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the greatest step in the movement which transformed the American Republic from a small confederacy of States lying along the Atlantic seaboard into a continental nation.

“ This Exposition is one primarily intended to show the progress in the industry, the science, and the art, not only of the American nation, but of all other nations, in the great and wonderful century which has just closed. Every department of human activity will be represented there, and perhaps I may be allowed, as honorary president of the athletic association which, under European management, started to revive the memory of the Olympic games, to say that I am glad that, in addition to paying proper heed to the progress of industry, of science, of art, we have also paid proper heed to the development of the athletic pastimes which are useful in themselves as showing that it is wise for nations to be able to relax.

“I greet you all. I appreciate your having come here on this occasion, and in the presence of you, representing the American government and the governments of the foreign nations, I here open the Louisiana Exposition.”

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In reading over the foregoing pages the question may occur to some of my young readers, How is it possible for President Roosevelt to accomplish so much and still have time in which to occasionally enjoy himself by travelling or by going on a hunting tour ?

The answer is a very simple one. Mr. Roosevelt works systematically, as do all who want their labor to amount to something. Years ago, when he was physically weak, he determined to make himself strong. He persisted in vigorous exercise, especially in the open air, and in the end attained a bodily health which any ordinary man may

well envy.

The President does each day's work as it comes before him. He does not borrow trouble or cross a bridge before he comes

to it. Whatever there is to do he does to the very best of his ability, and he allows future complications to take care of themselves. If a mistake is made, he does not worry continually over it, but keeps it in mind, so that a like mistake shall not occur again. When once his hand is on the plough, he does not believe in turning back. He has unlimited faith in the future of our glorious country, and a like faith in the honor and courage of his fellow-citizens.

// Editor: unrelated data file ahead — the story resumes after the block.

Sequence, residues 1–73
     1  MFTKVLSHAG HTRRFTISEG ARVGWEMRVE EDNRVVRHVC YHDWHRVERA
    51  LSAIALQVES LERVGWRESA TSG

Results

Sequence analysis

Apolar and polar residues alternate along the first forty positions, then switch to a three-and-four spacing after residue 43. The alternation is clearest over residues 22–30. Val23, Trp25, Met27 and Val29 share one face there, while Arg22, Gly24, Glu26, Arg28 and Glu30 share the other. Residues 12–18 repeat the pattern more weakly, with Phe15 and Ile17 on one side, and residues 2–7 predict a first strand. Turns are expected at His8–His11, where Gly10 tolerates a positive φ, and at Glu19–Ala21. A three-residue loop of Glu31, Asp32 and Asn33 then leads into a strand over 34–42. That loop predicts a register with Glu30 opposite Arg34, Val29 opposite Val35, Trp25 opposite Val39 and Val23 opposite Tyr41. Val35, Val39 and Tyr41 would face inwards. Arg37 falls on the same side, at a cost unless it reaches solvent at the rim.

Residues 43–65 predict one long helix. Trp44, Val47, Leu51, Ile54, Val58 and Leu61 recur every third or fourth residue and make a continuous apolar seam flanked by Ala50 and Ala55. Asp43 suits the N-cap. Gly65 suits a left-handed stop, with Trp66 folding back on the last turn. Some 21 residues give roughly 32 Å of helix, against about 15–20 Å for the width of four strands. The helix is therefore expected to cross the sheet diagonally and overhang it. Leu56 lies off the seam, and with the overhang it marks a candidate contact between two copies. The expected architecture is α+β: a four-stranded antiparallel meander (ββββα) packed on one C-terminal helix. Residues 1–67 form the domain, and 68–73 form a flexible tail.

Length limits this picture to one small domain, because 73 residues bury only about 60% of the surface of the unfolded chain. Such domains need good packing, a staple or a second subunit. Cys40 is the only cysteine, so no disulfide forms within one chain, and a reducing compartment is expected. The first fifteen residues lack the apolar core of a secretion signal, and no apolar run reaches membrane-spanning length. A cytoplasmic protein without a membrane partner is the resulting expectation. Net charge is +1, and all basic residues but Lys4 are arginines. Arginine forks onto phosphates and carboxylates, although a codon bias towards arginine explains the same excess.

Any man to be an intelligent worker cannot be dissipated, and the President is a good illustration of this. He has a good appetite, but eats moderately, and does not depend upon stimulants or tobacco to “brace

when the work is extra heavy. He goes out nearly every day for a walk, a ride on horseback, or a drive with some members of his family, and as a result of this, when night comes, sleeps soundly and arises the next morning as bright and fresh as ever.

This is the first time that a President with a large family has occupied the White House. Other Presidents have had a few children, but Mr. Roosevelt took possession

him up

with six, a hearty, romping crowd, the younger members of which thought it great fun to explore the executive mansion when first they moved in. The President loves his children dearly, and is not above" playing bear” with the little ones when time permits and they want some fun.

Of Mrs. Roosevelt it can truthfully be said that she makes a splendid “first lady in the land.” She takes a great interest in all social functions, and an equal interest in what is best for her boys and girls and their friends. She is very charitable, and each year contributes liberally to hundreds of bazaars and fairs held throughout our country.

The oldest child of the President is Miss Alice Lee Roosevelt, named after her mother, the first wife of the Chief Magistrate. Although but a step-daughter to the present Mrs. Roosevelt, the two are as intimate and loving as if of the same flesh and blood. Miss Roosevelt has already made her debut in Washington society, and assisted at several gatherings at the White House.

All of the other children were born after Mr. Roosevelt's second marriage. His oldest

son is Theodore Roosevelt, Jr., commonly called by his chums, Teddy, Jr. He is a lad of sixteen, bright and clever, and has been attending a college preparatory school at Groton, Massachusetts, as already mentioned. He loves outdoor games, and is said to possess many tastes in common with his father.

The other members of the family are, Kermit, fourteen, Ethel Carew, twelve, Archibald Bullock, nine, and a lively little boy named Quentin, who is șix.

Some time ago a distinguished member of the English Educational Commission visited this country and made an inspection of our school system. When asked what had impressed him most deeply, he answered :

“ The children of the President of the United States sitting side by side with the children of your workingmen in the public schools.”

This simple little speech speaks volumes for the good, hard common sense of our President. He believes thoroughly in our public institutions, and knows the real value of sending out his boys to fight their own battles in the world at large.

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